To help you decide between your future options, I'll take your definition of research slightly away from the academia versus industry dilemma, as it is more relevant for you to think in terms of fundamental versus applied research. The objective of fundamental or "blue sky" research is to improve understanding and increase knowledge. A final application is thus not the main motivation, although most technological or medical breakthroughs are based on such work. The great attraction of blue sky research is that it gives researchers a high degree of freedom in deciding the direction of their work, subject to funding.
In contrast, applied research needs to contribute to a product or therapy, which means that research projects which don't show potential will be dropped to give attention to more promising ones. This can be frustrating if you believe in the long-term value of work, but the attraction is that you are likely to see your work having an impact within a few years.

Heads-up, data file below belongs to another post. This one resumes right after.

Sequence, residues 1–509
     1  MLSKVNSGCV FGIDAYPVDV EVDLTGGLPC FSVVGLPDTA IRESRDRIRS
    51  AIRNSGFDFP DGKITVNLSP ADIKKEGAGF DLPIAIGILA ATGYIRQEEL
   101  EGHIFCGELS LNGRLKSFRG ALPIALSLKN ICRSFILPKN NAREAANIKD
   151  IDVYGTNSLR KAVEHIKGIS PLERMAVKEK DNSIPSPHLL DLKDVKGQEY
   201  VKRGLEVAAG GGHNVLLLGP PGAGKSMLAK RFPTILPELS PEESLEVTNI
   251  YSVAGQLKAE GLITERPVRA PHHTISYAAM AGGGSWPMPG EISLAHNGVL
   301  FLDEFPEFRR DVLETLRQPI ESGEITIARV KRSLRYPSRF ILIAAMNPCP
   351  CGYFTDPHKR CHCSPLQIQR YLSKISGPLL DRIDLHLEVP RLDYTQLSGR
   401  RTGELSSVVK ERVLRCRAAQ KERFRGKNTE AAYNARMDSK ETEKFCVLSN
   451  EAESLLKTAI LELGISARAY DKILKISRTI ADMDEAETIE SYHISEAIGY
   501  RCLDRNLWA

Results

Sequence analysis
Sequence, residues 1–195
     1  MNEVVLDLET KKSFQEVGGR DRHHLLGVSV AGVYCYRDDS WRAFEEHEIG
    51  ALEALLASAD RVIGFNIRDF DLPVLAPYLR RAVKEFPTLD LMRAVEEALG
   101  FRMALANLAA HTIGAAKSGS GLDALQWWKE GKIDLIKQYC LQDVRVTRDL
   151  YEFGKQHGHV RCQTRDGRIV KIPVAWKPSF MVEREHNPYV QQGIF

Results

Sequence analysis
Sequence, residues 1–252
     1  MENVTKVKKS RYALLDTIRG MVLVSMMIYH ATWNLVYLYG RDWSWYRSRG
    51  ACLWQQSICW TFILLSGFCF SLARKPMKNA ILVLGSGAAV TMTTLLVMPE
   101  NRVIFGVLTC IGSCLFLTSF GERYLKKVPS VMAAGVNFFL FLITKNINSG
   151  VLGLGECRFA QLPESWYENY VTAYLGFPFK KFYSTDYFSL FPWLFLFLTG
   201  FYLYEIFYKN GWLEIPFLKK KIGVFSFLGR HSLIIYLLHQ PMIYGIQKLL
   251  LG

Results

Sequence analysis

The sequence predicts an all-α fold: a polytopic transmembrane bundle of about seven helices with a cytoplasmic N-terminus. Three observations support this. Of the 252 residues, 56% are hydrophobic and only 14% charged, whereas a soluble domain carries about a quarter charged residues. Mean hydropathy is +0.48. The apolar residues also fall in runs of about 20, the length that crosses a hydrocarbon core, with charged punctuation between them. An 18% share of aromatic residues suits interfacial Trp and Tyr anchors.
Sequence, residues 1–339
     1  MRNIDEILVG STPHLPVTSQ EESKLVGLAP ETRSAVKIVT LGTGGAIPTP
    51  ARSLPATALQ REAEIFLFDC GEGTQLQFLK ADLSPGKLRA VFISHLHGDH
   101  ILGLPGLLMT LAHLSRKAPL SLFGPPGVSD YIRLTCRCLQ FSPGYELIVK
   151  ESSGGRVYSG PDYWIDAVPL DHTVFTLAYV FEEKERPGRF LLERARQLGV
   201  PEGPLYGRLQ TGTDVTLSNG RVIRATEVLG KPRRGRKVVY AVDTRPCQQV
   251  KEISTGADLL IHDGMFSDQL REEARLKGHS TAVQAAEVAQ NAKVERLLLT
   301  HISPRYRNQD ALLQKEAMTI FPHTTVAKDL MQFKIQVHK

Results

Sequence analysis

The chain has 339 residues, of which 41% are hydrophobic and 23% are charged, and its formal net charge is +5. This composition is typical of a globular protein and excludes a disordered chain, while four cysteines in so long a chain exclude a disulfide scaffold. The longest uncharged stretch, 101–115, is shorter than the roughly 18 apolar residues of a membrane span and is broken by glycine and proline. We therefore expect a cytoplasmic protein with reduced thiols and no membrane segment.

Although both types of research take place in academia and industry, as a general rule, fundamental research is more commonly found in the academic sector whereas industrial research is predominantly applied. If you would like to read more about the main differences between academia and industry, I have discussed them in greater length in another column.
In either sector, to build a successful research career you will almost certainly need a PhD, so this is likely to be your first step after graduation. However, this doesn't mean that you can sit back until your final year--your career in MS research starts right now! You already have something of a head-start over other undergraduates, as the experience of your MTh will have given you a taste of the challenges, frustrations, and rewards of academic research. Having said that, research in the medical sciences will be very different, so it is important that you develop research skills in your new field.